Don’t rely on your compass or GPS in here because…they don’t work. Your cell phone probably won’t work either because the rocks and soil are full of magnetic iron.

There are trail patrols that make sure  hikers and such keep to the trails and for good reason. There have been many people who have not heeded the advice to stay on the trails and have gotten lost ….their bodies being found by the annual “sweeps” by volunteers just before the holidays begin. Once a year volunteers enter the forest to recover bodies-the current stats are around 100 per year… that they find.

At times bones are found that have obviously been hidden in the undergrowth for a few years. The annual sweeps don’t find everyone all the time.

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notice how dense the forest is….

 We wandered the trails for a bit until we met with a forest patrol who told us that we should probably turn around and start heading out as it was 4pm already and it got dark in the forest very quickly. The dense vegetation also keeps the light from reaching the forest floor. We exited the trail but I wanted just one more look….so I asked my daughter to stand at the trail entrance so she could see me and I walked in a bit…and just stood there.

I contemplated the reasons why this is the number two spot in the world that people come to end their lives-the number one spot being the Golden Gate Bridge.

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I’m not a superstitious person but I tell you the truth-I had this overwhelming urge to walk off the trail and into the forest and not stop. It is so mysteriously beautiful and it calls you…sounds absolutely loony but I’m really being honest here. I don’t think it is a good idea to wander the trails alone. Not these trails….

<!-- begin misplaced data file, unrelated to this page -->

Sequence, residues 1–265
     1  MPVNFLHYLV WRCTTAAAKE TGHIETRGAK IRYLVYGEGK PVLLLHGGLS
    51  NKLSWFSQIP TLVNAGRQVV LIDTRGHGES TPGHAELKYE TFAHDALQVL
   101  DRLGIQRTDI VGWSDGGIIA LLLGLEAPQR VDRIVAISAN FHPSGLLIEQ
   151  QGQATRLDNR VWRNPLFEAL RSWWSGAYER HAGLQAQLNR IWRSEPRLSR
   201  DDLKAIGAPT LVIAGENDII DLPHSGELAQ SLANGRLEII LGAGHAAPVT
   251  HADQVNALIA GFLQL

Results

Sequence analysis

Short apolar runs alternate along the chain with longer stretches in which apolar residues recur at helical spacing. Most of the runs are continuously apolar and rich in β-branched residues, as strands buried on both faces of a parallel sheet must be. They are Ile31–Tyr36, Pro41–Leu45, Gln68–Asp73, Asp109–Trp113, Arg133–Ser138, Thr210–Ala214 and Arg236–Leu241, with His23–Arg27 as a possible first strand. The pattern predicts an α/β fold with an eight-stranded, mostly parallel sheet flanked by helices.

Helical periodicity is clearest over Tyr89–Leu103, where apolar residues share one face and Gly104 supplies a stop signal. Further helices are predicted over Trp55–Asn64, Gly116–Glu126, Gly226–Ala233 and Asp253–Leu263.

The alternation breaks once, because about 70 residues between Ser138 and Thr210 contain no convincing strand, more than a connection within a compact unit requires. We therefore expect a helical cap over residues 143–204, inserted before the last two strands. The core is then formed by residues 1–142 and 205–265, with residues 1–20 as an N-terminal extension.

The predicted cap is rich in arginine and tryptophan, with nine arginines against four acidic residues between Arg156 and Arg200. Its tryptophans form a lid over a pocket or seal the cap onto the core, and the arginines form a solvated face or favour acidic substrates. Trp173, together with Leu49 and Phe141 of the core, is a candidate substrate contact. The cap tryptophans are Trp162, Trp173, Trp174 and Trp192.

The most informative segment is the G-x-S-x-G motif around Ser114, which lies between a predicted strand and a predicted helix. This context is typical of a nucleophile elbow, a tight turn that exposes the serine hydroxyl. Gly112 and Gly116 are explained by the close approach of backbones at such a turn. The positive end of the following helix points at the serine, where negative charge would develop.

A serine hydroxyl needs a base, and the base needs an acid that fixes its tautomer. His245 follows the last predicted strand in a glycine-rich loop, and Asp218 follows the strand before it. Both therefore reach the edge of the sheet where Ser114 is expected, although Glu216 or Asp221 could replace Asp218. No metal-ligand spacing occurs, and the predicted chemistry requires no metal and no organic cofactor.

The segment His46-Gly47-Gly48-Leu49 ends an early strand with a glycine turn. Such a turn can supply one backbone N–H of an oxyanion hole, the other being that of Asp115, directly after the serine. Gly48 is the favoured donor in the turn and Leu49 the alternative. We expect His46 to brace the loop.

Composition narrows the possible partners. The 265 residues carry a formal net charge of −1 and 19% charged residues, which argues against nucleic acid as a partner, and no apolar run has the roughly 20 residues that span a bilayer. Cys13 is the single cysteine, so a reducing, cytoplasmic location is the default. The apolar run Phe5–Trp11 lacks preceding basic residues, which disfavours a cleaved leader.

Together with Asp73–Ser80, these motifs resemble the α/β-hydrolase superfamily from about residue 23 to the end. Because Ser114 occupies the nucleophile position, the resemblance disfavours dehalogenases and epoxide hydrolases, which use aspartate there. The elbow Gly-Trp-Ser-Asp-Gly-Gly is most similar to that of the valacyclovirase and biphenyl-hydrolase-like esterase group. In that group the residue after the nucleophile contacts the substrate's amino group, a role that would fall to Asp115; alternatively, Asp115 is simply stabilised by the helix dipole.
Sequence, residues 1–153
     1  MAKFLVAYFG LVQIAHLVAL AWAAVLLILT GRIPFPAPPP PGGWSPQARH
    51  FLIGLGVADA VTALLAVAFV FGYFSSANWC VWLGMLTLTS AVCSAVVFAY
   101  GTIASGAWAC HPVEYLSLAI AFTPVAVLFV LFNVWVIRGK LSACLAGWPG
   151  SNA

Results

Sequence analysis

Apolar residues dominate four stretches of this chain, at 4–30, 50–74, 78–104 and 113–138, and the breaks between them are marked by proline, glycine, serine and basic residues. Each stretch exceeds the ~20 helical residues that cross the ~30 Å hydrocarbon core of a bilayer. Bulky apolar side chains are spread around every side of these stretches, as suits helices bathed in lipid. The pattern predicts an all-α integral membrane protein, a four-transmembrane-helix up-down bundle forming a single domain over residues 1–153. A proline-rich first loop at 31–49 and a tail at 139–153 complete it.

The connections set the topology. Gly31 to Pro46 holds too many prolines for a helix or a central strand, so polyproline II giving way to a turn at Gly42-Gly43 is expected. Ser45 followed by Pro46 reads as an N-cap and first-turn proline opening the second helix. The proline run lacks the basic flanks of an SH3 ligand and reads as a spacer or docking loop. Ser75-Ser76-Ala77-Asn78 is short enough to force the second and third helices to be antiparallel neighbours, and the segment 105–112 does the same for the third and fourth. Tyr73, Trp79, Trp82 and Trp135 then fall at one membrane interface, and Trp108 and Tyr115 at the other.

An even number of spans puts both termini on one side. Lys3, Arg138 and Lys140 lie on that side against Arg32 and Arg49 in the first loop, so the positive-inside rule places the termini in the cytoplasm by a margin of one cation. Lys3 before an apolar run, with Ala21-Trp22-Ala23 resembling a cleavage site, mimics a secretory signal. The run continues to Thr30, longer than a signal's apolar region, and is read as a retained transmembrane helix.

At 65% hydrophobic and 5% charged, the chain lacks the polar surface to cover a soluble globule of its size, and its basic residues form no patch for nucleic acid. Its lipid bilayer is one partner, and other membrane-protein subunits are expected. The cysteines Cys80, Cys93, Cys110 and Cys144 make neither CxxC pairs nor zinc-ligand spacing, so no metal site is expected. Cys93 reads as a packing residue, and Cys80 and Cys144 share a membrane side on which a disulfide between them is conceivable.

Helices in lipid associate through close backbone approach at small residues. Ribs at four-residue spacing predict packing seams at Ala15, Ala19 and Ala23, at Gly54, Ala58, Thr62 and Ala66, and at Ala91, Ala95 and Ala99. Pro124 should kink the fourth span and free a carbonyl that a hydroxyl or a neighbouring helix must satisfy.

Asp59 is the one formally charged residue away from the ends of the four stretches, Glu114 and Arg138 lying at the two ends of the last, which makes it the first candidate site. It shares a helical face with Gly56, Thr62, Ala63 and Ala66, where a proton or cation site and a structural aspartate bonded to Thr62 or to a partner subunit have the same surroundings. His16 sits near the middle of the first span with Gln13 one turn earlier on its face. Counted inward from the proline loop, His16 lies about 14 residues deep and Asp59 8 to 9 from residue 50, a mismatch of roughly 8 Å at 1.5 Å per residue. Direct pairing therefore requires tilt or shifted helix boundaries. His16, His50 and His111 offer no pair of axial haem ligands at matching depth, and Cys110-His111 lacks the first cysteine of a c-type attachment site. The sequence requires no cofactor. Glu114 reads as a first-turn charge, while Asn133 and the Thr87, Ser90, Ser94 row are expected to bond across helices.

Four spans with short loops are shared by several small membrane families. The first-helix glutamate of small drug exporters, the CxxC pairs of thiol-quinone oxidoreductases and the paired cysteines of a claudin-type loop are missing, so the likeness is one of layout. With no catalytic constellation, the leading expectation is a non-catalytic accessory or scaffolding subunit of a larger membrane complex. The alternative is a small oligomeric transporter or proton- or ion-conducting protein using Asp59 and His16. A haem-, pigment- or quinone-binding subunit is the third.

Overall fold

If you visit here please heed the warning signs and stay on the trail. Some people reading this might think they wouldn’t get lost here…because they have “experience”. My daughter and her husband have professional experience in outdoor survival and both of them said there is no way they would wander off the trail in this area.

That would be…suicide.

Author:

Loving life in rural Japan-writer,gardener,hiker, photographer,crochet artist, chief cook and bottle washer!

12 thoughts on “Aokigahara

      1. As I was reading I was strongly reminded of Mirkwood, the forest Tolkien described as a danger and obstacle in The Hobbit. Even the photos fit. Isn’t Mt. Fuji considered a holy place?

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  1. I did not know the tragic history of this area. Your photos perfectly evoked the feelings you were describing. Awaji Island is also a famous suicide spot for the Osaka/Kansai area. People jump into the sea. I’m glad you showed the suicide prevention signs posted along the trail. I hope they are doing their job successfully.

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    1. I read an article tha stated the authorities are refraining from posting the number of suicides committed each year in hopes of downplaying the publicity a bit…

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    2. The police regularily check the parking lot after closing time- they scout for vehicles left behind…..a sign that someone entered the Jukai and didnt come out. I would not want to work there.